The San Diego-based destroyer USS Zumwalt (also known as DDG 1000) steams through the Pacific Ocean on April 9. Raytheon will support Zumwalt-class ships under a new contract. Photo courtesy of U.S. Navy

The San Diego-based destroyer USS Zumwalt (also known as DDG 1000) steams through the Pacific Ocean on April 9. Raytheon will support Zumwalt-class ships under a new contract. Photo courtesy of U.S. Navy

The U.S. Navy awarded the Raytheon Missiles & Defense segment of Raytheon Technologies Corporation (NYSE: RTX) a one-year, $482.7 million contract for work on its Zumwalt-class destroyers. Some 22% of the work, estimated at $106.2 million, will be performed in San Diego, where the ships are based.

The Navy will eventually have three so-called DDG 1000 destroyers, which have an unconventional design and carry unconventional technologies. The Navy describes the ships as “a bridge from current needs to future capabilities, adding space and power accommodating systems not yet imagined.” At one point, the service contemplated putting an electromagnetic railgun on one of the ships.

The recently announced deal covers DDG 1000 Class Combat System activation, sustainment and modernization support for Mission Systems and Total Ship Computing Environment infrastructure (TSCEi) hardware/equipment, in addition to non-recurring engineering services supporting combat system installation, integration, development, testing, correction, maintenance and modernization of Zumwalt-class Mission Systems and Mission System equipment.

Work will continue through April 2023. The contract includes options which, if exercised, would bring the cumulative value of this contract to $1.68 billion. If all options are exercised, work will continue through April 2027. This contract was not competitively procured, as the government determined there is only one responsible source for the services, and no other supplies or services will satisfy agency requirements. The Naval Sea Systems Command of Washington, D.C., awarded the contract, announced on April 20.

Pacific West Builders Gets Work in Nevada

The U.S. Army awarded Patricia I. Romero dba Pacific West Builders, a small business based in National City, a $9.2 million contract to repair Airman Leadership School Building 324 at Nellis Air Force Base. Bids were solicited via the internet with eight received. Work will be performed at Nellis Air Force Base, Nevada, with an estimated completion date of May 2, 2024. The U.S. Army Corps of Engineers in Los Angeles awarded the contract, announced on April 14.

Genasys Tallies $3.2M in Product Orders

Genasys Inc. (NASDAQ: GNSS) announced the first shipments of its LRAD 950NXT, billed as the company’s most advanced integrated communication, surveillance, security and response system to date.

The acoustic hailing device is able to send very loud, very clear voice messages over great distances. The 950NXT is able to communicate over 3,000 meters, or almost two miles.

“$1.8 million in previously announced LRAD 950RXL orders received from the French Navy instigated the development of our next generation 950NXT,” said Richard Danforth, CEO of Genasys. “In addition to the French Navy’s order change to 950NXT systems, the Spanish Navy placed a $1.4 million 950NXT order last month.”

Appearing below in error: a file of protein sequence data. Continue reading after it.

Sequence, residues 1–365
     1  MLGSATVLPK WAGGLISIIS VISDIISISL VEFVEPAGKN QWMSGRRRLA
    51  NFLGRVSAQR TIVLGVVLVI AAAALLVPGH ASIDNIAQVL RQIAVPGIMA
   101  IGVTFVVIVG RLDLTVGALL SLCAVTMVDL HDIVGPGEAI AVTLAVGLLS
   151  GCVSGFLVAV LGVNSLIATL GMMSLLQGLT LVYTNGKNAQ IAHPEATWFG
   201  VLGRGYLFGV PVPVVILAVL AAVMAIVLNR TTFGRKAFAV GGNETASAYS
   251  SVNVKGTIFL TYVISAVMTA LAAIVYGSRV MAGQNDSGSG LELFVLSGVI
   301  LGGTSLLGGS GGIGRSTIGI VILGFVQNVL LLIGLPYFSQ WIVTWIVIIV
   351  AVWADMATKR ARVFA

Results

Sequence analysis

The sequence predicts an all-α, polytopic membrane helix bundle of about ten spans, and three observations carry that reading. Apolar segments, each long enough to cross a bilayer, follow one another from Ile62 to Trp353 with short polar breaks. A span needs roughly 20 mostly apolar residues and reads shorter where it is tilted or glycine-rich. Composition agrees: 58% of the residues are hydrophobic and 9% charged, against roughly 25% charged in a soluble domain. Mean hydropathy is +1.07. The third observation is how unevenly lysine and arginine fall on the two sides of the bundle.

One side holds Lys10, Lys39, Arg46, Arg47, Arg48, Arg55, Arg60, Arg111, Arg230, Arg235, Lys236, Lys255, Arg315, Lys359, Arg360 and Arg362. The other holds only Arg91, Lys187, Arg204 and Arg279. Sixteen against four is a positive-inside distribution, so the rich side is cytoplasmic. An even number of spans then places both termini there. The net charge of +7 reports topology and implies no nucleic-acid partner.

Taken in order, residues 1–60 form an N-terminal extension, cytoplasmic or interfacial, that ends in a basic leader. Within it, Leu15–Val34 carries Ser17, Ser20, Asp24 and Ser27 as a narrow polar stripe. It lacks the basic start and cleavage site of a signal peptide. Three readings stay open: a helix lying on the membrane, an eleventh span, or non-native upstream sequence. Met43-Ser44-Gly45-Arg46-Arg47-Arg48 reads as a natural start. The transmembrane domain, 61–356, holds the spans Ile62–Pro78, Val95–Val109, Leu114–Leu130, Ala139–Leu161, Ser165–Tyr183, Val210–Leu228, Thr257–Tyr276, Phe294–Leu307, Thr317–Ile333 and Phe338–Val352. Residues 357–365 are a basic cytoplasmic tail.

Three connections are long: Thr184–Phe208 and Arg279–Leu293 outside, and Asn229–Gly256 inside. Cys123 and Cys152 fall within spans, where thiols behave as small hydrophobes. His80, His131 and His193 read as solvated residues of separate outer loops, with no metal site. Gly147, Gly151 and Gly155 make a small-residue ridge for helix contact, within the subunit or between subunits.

Danforth said his company is seeing strong interest and order demand for the system, citing order commitments for super-yachts and critical infrastructure facilities, including ports, utilities and dams.

The company bills its 950NXT as a major advance in its remotely operated LRAD systems. Compared with previous LRAD-RX models, the electronics enclosure is now on top of the 950NXT to provide more accessory mounting capacity. In addition to the standard HD camera, optional accessories include a high-intensity searchlight, laser range finder, laser dazzler, and infrared or night vision camera.

The 950NXT is operated using LRAD Controller software with heightened cybersecurity. The field upgradeable software has comprehensive functionality with easy-to-use controls that enable operators to identify possible threats on the live video feed, position the 950NXT’s IP-addressable full pan and tilt to target the threat, and then broadcast attention-commanding warning tones and voice messages with exceptional clarity from the safety of a command and control center. The manufacturer said that integrations with third-party systems are easy with the 950NXT’s application programming interface.

Forward Slope Opens Office in Guam

Mission Valley-based Forward Slope Inc. announced in mid-April that it opened an office in Guam on March 21 to support the U.S. Department of Defense command structure on the Pacific island.
 The new office is centrally located in Tamuning, approximately 20 minutes from Anderson Air Force Base, Naval Base Guam and Marine Corps Base Camp Blaz. Operating from its Guam location as well as its Honolulu office, Forward Slope is supporting the Naval Information Warfare Center (NIWC) Pacific in the development of C4I systems for the Defense Policy Review Initiative (DPRI) Guam Military Buildup program. C4I stands for Command, Control, Communications, Computers and Intelligence.
In a statement, Forward Slope said that opening the new office represents the latest expansion of its efforts to provide timely and professional support to the DoD and U.S. coalition partners worldwide and within the Asia Pacific Theater specifically.
In January, the U.S. Navy awarded Forward Slope a $9.9 million contract option to provide planning and design services in support of shore install projects. Work will be split between San Diego and Hawaii. The period of performance is from January 2022 through January 2023. NIWC Pacific in San Diego awarded the contract.